Miami 28, Pittsburgh 21
Anyone who went to bed at halftime of the University of Miami's 28-21 victory over Pittsburgh tonight might have aptly described the top-ranked Hurricanes as unimpressive, Miami quarterback and Heisman Trophy candidate Ken Dorsey as overrated and the game as painfully dull.
But viewers who caught the second half likely retired with a different impression. Dorsey appeared transformed, leading the Hurricanes -- once again -- out of a jam few figured they would find themselves. And the No. 17 Panthers made the hearts of the more 60,000 fans at the Orange Bowl race until the game's last minute, when their hopes of upsetting Miami expired only with an overthrown fourth-down pass by quarterback Rod Rutherford in the back of the end zone.
By the time Dorsey, Miami's most prominent Heisman Trophy candidate, knelt at his 20-yard line on the game's final play, the Hurricanes (10-0, 5-0 Big East) had restored order to their championship world, recapturing at least some of the respect that seemed to disintegrate, minute by minute, during an excruciating first half. The Panthers (8-3, 5-1), meantime, had to settle for knowing they scared Miami half to death and came close yet again.
"They played until the end," Miami Coach Larry Coker said. "They never gave up, obviously. My hat goes off to our football team, too. We struggled in the first half offensively. . . . We weren't making plays. We were just out of sync . . . [but] they got settled down and had a good second half."
The final numbers did not befit a national champion, which is what Miami hopes to become for the second straight year, but the Hurricanes were relieved to leave the stadium with even an ugly victory during a season in which undefeated teams have repeatedly fallen.
The Hurricanes managed just 13 first downs; Pitt collected 26. Miami was outgained 343-315. Miami survived on a diet of big plays: a punt returned for a touchdown, a 69-yard touchdown run by Willis McGahee, a key fumble recovery, six sacks and several huge completions.
"We did our job," said Sean Taylor, who returned a punt 78 yards for a score on Miami's first possession. "We fought hard down to the last 20 seconds. . . . We had it under control, let it get away a little bit, but got it back in the end."
Pitt, whose three losses have come by a combined 17 points, never relented, even after falling behind by two touchdowns early in the fourth quarter. As the crowd watched in horror, Rutherford sneaked into the end zone from three yards with 3 minutes 24 seconds remaining, bringing Pitt to within seven.
After Miami failed to advance on its next possession, Pitt got the ball back and, with considerable help from a trio of Hurricanes' penalties, marched downfield. But on fourth and five from Miami's 20, with the clock ticking under 30 seconds, Rutherford missed Yogi Roth in the back of the end zone.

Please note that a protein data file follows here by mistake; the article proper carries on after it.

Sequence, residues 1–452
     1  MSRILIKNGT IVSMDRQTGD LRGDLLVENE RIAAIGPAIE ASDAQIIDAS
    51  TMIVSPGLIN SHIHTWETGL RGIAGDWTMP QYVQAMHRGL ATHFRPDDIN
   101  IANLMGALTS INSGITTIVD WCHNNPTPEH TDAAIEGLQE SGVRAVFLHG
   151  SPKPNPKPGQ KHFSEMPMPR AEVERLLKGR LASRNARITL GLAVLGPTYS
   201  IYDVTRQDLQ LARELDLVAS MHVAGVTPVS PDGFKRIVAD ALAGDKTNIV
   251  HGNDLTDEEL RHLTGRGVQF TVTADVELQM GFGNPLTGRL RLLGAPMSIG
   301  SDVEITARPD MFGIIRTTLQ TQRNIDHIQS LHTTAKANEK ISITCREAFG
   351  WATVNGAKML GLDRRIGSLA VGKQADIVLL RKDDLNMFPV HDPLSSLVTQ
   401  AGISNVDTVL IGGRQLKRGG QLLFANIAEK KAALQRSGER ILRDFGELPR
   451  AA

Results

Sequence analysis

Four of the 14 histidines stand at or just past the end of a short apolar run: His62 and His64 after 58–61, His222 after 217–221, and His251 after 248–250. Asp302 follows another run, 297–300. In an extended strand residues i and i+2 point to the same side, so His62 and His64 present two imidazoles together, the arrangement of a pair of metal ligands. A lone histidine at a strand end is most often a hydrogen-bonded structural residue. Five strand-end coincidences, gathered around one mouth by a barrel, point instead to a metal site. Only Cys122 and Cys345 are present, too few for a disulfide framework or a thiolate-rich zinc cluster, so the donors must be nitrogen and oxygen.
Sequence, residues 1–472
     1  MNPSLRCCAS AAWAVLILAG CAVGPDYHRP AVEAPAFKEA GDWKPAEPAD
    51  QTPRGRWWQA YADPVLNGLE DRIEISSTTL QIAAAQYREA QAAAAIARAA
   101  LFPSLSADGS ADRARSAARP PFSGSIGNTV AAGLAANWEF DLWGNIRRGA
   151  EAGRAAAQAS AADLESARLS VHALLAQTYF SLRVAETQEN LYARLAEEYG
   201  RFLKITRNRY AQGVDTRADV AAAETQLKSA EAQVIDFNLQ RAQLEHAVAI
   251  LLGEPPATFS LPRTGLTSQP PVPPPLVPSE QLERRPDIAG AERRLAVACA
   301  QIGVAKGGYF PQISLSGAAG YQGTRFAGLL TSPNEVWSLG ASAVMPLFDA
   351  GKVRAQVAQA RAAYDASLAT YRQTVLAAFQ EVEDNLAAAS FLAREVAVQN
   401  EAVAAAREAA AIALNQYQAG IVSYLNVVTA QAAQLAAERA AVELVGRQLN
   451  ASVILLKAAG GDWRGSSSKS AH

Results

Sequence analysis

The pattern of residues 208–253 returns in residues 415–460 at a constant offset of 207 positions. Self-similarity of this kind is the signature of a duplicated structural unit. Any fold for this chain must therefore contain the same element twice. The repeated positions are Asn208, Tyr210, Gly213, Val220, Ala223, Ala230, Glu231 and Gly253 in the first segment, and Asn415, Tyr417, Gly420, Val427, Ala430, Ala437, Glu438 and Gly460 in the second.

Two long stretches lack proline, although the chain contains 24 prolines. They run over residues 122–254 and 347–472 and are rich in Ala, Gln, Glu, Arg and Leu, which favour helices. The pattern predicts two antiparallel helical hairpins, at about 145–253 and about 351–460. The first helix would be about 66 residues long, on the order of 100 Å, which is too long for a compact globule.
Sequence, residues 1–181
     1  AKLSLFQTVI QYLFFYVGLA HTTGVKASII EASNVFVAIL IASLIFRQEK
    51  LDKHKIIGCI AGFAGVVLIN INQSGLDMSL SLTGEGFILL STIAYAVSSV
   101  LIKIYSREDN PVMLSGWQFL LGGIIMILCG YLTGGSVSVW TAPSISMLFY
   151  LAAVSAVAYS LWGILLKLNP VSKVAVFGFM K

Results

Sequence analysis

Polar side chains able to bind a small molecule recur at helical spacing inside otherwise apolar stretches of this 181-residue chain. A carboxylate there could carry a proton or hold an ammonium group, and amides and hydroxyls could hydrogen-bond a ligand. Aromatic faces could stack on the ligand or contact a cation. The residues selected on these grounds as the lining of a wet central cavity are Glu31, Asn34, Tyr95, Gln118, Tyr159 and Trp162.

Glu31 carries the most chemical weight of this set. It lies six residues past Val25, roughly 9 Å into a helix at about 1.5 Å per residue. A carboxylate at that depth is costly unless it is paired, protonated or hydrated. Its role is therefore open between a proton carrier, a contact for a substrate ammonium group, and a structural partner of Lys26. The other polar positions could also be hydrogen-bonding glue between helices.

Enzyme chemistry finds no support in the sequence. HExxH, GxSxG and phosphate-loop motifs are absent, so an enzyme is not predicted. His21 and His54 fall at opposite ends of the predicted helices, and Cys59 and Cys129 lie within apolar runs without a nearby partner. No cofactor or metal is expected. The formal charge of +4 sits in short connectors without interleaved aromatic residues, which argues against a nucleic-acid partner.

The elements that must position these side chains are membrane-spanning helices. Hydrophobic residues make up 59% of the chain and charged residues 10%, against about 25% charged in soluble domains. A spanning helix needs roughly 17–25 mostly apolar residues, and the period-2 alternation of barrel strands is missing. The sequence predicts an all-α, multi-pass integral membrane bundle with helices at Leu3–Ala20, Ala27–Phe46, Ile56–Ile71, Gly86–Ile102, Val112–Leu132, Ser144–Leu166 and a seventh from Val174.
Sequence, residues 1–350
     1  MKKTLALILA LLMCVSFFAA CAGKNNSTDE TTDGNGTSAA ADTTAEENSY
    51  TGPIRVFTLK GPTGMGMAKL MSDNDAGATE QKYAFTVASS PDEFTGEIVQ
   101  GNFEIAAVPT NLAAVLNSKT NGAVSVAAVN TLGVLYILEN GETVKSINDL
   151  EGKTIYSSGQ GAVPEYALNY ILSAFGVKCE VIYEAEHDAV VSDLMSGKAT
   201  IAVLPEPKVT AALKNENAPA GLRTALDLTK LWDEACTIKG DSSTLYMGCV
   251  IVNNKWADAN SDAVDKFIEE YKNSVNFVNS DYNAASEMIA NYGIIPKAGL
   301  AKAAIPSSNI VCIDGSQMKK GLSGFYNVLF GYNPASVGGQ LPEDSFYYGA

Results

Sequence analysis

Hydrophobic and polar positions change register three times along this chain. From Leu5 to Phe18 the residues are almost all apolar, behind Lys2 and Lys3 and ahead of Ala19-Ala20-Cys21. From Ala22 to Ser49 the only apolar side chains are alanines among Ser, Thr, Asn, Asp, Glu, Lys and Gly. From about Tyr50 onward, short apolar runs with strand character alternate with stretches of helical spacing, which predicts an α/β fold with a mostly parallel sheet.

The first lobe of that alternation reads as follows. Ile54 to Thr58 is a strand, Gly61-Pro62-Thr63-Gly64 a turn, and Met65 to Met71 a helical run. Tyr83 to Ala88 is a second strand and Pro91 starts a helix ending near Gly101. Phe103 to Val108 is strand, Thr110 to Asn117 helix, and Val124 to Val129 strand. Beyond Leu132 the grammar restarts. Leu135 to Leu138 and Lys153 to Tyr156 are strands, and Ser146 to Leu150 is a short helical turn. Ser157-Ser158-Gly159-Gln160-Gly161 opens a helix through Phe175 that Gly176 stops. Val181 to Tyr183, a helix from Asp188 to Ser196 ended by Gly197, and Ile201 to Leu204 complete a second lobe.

"It was a tough game to lose," Pittsburgh Coach Walt Harris said. "We're not into moral victories. These guys are too serious about football to be excited about getting it close."
Dorsey, who finished with 163 yards on 14-of-26 passing, went from hopelessly inept in the first half to commanding and precise in the second, helping his staggering team unlock the 14-14 halftime tie with two lovely, arching passes to wide receiver Andre Johnson -- one a 30-yard touchdown -- and an assortment of darts into his receivers' chests. Miami's defense, meantime, provided big plays at key times, even though the Hurricanes never managed to end Pitt's hopes.
As the Panthers survived on the scrambling of Rutherford and the hard-nosed running of Brandon Miree (118 yards on 26 carries), McGahee proved a steadying force for Miami, finishing with 159 yards on 19 carries and two touchdowns. Miami took a 28-14 lead on McGahee's second score, a seven-yard run that capped a drive that included 19- and 39-yard completions by Dorsey.
During the first half, the Hurricanes gave their fans about 30 seconds of excitement and more than 29 minutes of stultifying play. In between Taylor's punt return and McGahee's 69-yard sprint on Miami's last possession, the Hurricanes did almost nothing offensively other than frustrate Coker and inspire Pitt's defense.
Dorsey hit just 5 of 15 first-half passes for 13 yards. He threw over, under and around his receivers, and once into the hands of linebacker Brian Beinecke.
A 19-yard completion on Dorsey's first attempt of the second half surpassed his productivity for the entire first. Three plays later, he unleashed a 30-yard pass to Johnson, giving Miami the lead two minutes into the period. On the drive, Dorsey completed all three pass attempts for 58 yards.
"We know we're tough to hold down an entire game," Dorsey said. "I wasn't panicked. I was very confident in this offense."